Schlumberger

Case Study: IDEAS Designed PDC Bit Exceeds Target ROP, Saves Operator USD 30,000 per Well

New field benchmark set, offshore Indonesia

Challenge: Drill 9 1/2-in section shoe-to-shoe with the highest possible ROP while minimizing shock and vibrations.

Solution: Use IDEAS integrated drillbit design platform to optimize a standard SHARC high-abrasion resistant PDC drill bit, to provide an application specific bit design.

Result: After drilling 17 wells in the offshore field, the SHARC MSi616 delivered shoe-to-shoe performance while exceeding the target ROP by 17% and saving USD 30,000 per well.

Durable PDC bit with high ROP potential required

Total Exploration and Production (TEPI) had to drill a deviated wellbore through a thick shale/sand sequence to develop gas reserves trapped in Miocene age sand bars deposited, offshore Indonesia. Historically, the 2,100 m to 2,400 m tangent sections were drilled with a 9-in PDC bit on a rotary steerable system (RSS). The lithology is mainly soft shale and abrasive sandstone, but sections also contain intermittent coal/limestone stringers and become increasingly interbedded with depth. The well plan calls for a 45° tangent section followed by sequential angle drop to 10° increasing verticality for the subsequent 6-in production hole run. In the past, Smith Bits’ 9 7/8-in PDCs run in the field suffered from unstable drilling, which resulted in performance degradation. The unwanted drillstring harmonics reduced overall ROP to an unacceptable level and caused vibration induced impact damage in the harder formations. Field analysis revealed the 2 to 3 level dull cutter condition in the shoulder area resulted equally from abrasive wear and chipping/breakage. To cut costs, the operator reduced the hole section size to 9 1/2-in, but with the same objectives: drill shoe-to-shoe in one run at the highest possible ROP with minimal shock and vibration. To remain competitive in the application, Smith Bits would need to design a new-style PDC bit that could consistently drill from under the 10 3/4-in casing shoe to section TD, in one run, at a target ROP of 55 m/h or better, with minimal vibration.

Cutting structure analysis

The optimization effort would be more complicated than normal because the hole size reduction occurred before engineers could benchmark 9 7/8-in bit performance and capture critical field information. The lack of measurable target data would hamper the effort to improve existing 9 1/2-in bit performance because specific regions of the field are more difficult to drill than others.

A team of Smith Bits field engineers and bit designers gathered and analyzed all relevant drilling data and concluded the existing 9 7/8-in six-bladed matrix body bit with 16-mm cutters was the best base design and would serve as the starting point. The limited data set could prove problematic and force a trial and error approach to improve bit performance. To avoid costly and time-consuming field trials, designers used the IDEAS drillbit design platform to investigate downsizing the PDC bit and optimizing its cutting structure. i-DRILL drilling system design simulations were run to model bit and BHA behavior through a wide range of drilling parameters and the various lithologies encountered. Iterative design changes were made to the bit’s cutting structure to ensure stable drilling and high ROP potential. The advanced modeling tool was used in combination with DBOS drillbit optimization system, which pinpointed the unconfined compressive strength (UCS) of the shale at 3,000 psi with the sandstone fluctuating between 9,000 psi and 15,000 psi. The UCS study enabled technicians to select an in-house library rock sample that matched the field formation to replicate the fundamental shearing action in the laboratory.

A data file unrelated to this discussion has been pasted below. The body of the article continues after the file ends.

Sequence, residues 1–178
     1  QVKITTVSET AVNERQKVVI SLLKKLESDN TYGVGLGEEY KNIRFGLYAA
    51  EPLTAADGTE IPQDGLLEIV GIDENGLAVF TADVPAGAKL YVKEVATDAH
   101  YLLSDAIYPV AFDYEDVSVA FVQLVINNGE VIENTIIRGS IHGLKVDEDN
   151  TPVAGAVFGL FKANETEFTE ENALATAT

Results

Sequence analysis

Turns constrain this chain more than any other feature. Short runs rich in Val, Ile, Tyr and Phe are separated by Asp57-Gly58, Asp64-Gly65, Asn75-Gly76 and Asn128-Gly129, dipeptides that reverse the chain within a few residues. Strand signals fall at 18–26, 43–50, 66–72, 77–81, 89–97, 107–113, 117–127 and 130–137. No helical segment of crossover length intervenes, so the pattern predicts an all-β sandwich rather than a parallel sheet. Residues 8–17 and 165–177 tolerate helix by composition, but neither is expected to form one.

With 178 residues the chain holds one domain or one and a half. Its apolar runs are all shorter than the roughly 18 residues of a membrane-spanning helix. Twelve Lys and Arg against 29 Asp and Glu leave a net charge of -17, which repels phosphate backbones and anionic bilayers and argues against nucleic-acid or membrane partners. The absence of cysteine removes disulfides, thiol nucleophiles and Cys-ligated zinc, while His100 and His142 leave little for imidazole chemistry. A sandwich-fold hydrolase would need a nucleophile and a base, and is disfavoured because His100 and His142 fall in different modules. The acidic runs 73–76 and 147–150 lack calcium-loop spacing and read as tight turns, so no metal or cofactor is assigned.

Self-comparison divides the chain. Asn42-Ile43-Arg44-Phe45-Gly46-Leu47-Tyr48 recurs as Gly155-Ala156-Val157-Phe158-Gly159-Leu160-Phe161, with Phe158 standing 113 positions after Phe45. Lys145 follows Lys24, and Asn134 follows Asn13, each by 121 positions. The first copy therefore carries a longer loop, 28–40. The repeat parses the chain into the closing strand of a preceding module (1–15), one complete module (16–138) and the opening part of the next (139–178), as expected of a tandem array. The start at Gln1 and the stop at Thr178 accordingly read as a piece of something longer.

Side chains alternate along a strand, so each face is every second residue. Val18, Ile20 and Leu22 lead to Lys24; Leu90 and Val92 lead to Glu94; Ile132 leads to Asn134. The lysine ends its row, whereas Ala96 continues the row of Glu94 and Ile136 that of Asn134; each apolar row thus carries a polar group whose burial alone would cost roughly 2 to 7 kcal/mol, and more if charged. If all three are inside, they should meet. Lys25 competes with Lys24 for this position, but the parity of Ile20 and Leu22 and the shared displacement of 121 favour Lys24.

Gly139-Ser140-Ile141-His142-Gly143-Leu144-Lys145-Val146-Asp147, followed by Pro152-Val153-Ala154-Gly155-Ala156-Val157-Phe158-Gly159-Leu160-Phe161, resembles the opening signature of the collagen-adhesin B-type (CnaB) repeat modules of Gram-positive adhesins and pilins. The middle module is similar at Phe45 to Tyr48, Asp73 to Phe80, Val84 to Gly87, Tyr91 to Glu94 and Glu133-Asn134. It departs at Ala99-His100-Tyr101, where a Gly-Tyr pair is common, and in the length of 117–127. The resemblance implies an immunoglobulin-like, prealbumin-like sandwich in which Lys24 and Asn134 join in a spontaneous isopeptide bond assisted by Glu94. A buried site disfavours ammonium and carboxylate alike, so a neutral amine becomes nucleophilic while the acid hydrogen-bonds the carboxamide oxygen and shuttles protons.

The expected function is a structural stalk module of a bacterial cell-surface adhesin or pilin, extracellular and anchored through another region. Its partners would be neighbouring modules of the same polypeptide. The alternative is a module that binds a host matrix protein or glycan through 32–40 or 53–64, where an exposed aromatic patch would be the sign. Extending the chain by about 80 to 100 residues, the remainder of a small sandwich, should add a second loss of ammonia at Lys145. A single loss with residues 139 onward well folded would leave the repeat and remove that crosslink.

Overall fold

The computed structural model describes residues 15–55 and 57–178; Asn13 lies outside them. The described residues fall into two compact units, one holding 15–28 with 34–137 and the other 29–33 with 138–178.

Hydraulic analysis

Achieving the high ROP objective would also require improved bit hydraulics to rapidly evacuate the large amount of sticky drill cuttings that would be generated during drilling the soft shale formation. Engineers ran computational fluid dynamics to study fluid flow and made adjustments to nozzle location and orientation until an optimized anti-balling configuration was found. The combination of modeling and in-depth analysis of field data confirmed that the existing six-bladed matrix body PDC bit equipped with 16-mm ONYX premium cutters had the best chance to deliver shoe-to-shoe performance at the highest possible overall ROP on a PowerDrive rotary steerable system. Based on these findings, a 9 1/2-in SHARC MSi616 PDC bit was identified as the bit candidate to accomplish the operator’s objectives.

IDEAS platform driven results

The new 9 1/2-in SHARC MSi616 PDC bit has been run 17 times in the offshore field and has exceeded all operator expectations by drilling an entire section in one run at a high median ROP of 64.4 m/h. The bit’s best-in-field performance is 17% higher than target ROP, 12% greater than other products, and 51% faster than previous Smith Bits offerings. The bit successfully delivered all directional objectives, and rig personnel reported smooth drilling with minimal stick-slip and no shocks. The MSi616 recently set two new area ROP records, drilling 79.9 m/h on one rig and 80.9 m/h on another rig. Based on typical penetration rates (median ROP), running the new 9 1/2-in MSi616 enabled TEPI to cut approximately four hours off on-bottom drilling time for savings of at least USD 30,000 per well.


Download: IDEAS Designed PDC Bit Exceeds Target ROP, Saves Operator USD 30,000 per Well (0.69 MB PDF)

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Median ROP comparison before design optimization project.Median ROP comparison following design optimization project.
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